Volvo, going all-electric from 2030, is investing in Israeli startup StoreDot – a company working towards EV batteries that can take on a claimed 160km of range in five minutes.

The investment comes through the Volvo Cars Tech Fund, its venture capital arm.

Dubbed ‘100in5’, StoreDot’s under-development technology is slated for 2024 production, and is apparently already in “real-world testing by leading automotive manufacturers”.

The new battery tech is silicon-based, with a target gravimetric energy density of around 300Wh/kg. For context, the current Chinese-built Tesla Model 3 with the lithium iron phosphate battery pack has a gravimetric energy density of 125Wh/kg.

To put that into simpler terms, a 100in5 battery is said to gain 100 miles (160.9km) of driving range in a mere five minutes of charging, according to StoreDot. It’s unclear what the maximum charging speed of this battery is, nor the battery size.

StoreDot already has existing partnerships with Mercedes-Benz, VinFast, BP, TDK, Ola Electric and EVE.

Meanwhile Volvo’s new investment in the Israeli firm bolsters its previous 30 billion SEK ($A4.26 billion) investment in Swedish battery maker Northvolt, during 2021.

Beyond this, StoreDot is aiming to release its ‘100in3’ solid-state battery in 2028, with a target gravimetric energy density of approximately 450Wh/kg. Beyond 2030 it aims to be developing a post-lithium battery called ‘100in2’ with a gravimetric energy density above 550Wh/kg.

Volvo’s investment in StoreDot gives it “secure access” to any resulting technology that it can implement in its future all-electric cars.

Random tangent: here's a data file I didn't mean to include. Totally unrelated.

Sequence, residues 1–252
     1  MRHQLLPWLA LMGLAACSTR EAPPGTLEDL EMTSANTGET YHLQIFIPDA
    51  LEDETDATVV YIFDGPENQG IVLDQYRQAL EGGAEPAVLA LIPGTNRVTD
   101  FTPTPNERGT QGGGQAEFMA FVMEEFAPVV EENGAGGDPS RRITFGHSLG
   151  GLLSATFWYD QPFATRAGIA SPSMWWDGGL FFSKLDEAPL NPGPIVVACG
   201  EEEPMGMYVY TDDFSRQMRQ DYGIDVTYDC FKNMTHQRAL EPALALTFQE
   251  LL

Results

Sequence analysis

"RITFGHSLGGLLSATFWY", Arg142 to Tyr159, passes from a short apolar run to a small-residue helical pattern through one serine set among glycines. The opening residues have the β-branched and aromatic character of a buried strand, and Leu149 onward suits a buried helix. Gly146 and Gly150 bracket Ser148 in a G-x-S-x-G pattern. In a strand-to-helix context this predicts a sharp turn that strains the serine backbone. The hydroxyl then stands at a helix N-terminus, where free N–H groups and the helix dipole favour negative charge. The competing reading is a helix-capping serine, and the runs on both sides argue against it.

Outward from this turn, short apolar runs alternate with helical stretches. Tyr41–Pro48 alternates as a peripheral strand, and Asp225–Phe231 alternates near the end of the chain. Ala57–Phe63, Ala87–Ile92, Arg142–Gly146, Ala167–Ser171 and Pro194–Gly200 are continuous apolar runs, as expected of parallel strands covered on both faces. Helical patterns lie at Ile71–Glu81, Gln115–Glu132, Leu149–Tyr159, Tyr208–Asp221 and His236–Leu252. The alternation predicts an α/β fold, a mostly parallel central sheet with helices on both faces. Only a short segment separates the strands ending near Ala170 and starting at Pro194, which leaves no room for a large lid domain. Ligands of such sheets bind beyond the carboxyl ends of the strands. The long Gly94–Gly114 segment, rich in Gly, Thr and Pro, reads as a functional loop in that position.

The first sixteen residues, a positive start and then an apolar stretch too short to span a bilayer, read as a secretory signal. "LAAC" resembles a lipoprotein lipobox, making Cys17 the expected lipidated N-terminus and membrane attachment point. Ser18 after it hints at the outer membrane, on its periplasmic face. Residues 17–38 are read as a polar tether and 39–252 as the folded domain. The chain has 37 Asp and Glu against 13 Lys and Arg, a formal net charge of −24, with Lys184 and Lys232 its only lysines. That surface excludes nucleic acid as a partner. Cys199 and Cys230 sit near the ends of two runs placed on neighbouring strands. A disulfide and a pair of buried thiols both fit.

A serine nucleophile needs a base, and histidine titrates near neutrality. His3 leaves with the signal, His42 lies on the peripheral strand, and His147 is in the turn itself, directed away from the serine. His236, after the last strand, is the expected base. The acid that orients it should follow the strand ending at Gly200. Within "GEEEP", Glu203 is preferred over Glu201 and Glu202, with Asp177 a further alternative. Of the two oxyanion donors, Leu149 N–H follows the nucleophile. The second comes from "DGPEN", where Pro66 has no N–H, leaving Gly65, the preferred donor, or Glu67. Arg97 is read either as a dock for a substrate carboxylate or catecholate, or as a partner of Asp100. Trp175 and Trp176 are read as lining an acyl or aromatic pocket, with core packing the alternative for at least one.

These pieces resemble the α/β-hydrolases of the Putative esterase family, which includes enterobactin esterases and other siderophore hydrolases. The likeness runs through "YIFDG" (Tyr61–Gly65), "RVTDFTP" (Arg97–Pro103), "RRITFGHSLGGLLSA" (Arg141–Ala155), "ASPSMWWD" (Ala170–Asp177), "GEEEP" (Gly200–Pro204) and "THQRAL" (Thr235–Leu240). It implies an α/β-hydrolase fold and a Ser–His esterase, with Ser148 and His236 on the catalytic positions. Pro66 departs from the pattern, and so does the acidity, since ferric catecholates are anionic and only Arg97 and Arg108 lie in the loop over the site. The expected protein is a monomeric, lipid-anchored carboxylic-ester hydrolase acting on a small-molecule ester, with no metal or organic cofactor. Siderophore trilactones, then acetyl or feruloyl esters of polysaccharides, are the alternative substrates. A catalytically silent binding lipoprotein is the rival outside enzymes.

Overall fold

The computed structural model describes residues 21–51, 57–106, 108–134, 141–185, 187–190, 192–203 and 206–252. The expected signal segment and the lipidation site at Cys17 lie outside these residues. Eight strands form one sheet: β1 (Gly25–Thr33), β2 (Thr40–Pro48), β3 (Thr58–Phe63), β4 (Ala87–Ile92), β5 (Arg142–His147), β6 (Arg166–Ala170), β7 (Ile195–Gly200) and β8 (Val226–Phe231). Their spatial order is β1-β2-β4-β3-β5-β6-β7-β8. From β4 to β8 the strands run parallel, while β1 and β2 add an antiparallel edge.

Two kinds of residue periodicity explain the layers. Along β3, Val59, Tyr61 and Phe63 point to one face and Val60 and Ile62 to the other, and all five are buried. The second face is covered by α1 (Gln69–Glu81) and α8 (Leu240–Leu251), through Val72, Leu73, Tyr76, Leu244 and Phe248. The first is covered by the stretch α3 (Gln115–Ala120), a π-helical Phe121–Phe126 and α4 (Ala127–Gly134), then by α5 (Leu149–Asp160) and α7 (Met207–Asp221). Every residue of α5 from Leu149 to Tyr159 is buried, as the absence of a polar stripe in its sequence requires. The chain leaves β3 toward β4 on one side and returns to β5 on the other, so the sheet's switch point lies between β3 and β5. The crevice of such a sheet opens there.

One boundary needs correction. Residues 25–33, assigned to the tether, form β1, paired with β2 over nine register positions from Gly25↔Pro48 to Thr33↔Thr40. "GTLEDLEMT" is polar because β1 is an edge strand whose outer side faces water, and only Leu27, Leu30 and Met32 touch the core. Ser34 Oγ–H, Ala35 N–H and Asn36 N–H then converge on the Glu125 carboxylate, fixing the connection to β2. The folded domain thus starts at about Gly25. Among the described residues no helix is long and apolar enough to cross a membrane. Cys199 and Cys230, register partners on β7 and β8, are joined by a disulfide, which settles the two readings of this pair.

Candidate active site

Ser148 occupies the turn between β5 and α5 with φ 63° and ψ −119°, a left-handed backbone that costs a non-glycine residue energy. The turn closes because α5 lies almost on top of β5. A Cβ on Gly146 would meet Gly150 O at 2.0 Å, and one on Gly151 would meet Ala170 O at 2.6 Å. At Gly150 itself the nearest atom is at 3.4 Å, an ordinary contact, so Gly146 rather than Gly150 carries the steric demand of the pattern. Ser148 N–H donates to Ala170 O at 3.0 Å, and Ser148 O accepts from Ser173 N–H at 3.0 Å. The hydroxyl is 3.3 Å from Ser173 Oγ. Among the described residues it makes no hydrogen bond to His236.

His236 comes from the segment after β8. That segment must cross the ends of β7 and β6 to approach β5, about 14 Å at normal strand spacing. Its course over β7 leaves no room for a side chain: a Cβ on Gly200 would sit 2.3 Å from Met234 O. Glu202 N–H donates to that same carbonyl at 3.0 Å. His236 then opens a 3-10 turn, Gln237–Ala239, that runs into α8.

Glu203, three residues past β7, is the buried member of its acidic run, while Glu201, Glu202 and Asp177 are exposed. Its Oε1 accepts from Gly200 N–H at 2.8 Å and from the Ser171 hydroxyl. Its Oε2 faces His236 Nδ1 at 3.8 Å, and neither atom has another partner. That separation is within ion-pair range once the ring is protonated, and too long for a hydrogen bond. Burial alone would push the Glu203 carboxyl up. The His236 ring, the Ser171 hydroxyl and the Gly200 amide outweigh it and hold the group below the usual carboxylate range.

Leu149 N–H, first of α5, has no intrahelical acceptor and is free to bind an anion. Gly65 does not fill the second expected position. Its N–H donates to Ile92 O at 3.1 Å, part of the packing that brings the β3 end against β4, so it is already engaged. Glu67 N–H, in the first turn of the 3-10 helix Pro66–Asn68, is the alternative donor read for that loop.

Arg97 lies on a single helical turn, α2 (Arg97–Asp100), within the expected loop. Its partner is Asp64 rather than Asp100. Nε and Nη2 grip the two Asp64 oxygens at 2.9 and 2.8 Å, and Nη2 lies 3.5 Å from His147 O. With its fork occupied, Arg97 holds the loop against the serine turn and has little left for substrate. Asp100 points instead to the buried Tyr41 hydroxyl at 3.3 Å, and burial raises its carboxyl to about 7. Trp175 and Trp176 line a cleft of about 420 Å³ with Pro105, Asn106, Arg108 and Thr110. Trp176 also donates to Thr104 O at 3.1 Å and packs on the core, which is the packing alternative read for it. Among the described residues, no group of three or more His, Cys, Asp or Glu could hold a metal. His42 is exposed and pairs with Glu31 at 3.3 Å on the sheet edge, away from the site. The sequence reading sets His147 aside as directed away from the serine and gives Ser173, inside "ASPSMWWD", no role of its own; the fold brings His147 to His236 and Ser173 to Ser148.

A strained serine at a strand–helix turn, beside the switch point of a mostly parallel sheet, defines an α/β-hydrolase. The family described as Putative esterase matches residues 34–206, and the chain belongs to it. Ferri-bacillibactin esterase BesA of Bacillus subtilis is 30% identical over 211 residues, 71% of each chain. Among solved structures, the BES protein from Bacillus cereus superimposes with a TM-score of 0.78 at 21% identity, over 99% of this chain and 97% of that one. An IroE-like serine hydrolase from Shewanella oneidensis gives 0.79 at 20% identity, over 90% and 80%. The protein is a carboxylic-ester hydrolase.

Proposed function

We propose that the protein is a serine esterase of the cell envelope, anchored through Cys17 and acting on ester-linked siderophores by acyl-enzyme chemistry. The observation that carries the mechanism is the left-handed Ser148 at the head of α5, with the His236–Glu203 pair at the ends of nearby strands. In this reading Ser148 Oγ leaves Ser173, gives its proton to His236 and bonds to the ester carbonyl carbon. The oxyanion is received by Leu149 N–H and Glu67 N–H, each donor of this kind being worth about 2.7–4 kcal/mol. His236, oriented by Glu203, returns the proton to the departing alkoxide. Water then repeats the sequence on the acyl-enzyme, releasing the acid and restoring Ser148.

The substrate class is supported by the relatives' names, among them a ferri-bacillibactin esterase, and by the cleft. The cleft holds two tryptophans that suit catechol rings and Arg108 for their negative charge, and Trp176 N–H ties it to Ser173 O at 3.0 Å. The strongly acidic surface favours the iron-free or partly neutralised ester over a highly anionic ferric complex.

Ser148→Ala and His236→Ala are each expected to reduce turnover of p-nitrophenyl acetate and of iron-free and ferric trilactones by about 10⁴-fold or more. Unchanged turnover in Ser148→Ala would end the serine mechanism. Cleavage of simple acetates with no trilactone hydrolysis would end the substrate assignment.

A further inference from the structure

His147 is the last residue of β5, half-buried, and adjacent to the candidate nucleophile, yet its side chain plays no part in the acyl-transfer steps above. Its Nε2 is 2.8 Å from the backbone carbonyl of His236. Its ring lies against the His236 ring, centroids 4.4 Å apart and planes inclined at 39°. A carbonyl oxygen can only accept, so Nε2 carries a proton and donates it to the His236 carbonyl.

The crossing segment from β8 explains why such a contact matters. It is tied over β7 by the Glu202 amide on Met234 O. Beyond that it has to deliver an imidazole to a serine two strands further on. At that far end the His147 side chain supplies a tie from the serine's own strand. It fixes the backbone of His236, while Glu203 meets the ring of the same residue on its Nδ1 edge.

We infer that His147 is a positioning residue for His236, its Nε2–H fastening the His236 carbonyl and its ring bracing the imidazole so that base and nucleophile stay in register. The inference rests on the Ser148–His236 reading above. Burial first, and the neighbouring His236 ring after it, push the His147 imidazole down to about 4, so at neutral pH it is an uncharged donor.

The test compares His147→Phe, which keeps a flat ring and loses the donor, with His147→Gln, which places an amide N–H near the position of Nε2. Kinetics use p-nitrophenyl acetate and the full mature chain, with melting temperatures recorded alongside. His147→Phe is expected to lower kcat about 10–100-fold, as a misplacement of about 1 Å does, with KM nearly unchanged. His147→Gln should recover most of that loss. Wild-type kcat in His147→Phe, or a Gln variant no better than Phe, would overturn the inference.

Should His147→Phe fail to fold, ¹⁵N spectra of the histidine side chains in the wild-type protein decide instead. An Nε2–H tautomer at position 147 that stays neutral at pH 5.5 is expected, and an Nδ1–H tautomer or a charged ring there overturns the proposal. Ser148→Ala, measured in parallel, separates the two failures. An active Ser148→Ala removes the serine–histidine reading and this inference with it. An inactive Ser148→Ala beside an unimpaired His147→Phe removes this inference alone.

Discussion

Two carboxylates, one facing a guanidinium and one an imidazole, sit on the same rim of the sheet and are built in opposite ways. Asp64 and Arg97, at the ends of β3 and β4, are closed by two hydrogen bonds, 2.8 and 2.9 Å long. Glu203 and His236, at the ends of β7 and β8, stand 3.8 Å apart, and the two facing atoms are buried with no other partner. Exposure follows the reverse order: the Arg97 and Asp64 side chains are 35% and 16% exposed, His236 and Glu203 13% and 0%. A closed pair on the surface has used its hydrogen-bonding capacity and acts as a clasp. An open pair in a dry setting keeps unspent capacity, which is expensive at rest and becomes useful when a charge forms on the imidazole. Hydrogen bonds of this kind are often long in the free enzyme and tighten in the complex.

However Northvolt is still going to focus on both the development and manufacturing of battery cells for next-generation all-electric Volvo and Polestar cars.

Volvo has previously announced its going all-electric by 2030 and will sell its vehicles online by this time. It also expects to derive at least half of its global sales from EVs by 2025.

Volvo’s first all-electric model, the XC40 Recharge Pure Electric SUV, first arrived locally during mid-2021 and is currently available in both single- and dual-electric motor set-ups.

The related C40 Recharge coupe SUV is set to touch down on Australian soil in the third quarter of 2021 and will also be available in both single- and dual-electric motor set-ups.

Both of these vehicles are built on the CMA platform which also underpins the Polestar 2 electric liftback.

Volvo is also gearing up to reveal an all-electric XC90 large SUV replacement, which is expected to be called the Embla. This vehicle’s styling was previewed by the 2021 Concept Recharge.

MORE: Volvo going fully electric by 2030, will only sell online

Jack Quick

Jack Quick is an automotive journalist based in Melbourne. Jack studied journalism and photography at Deakin University in Burwood, and previously represented the university in dance nationally. In his spare time, he loves to pump Charli XCX and play a bit of Grand Theft Auto. He’s also the proud owner of a blue, manual 2020 Suzuki Jimny.

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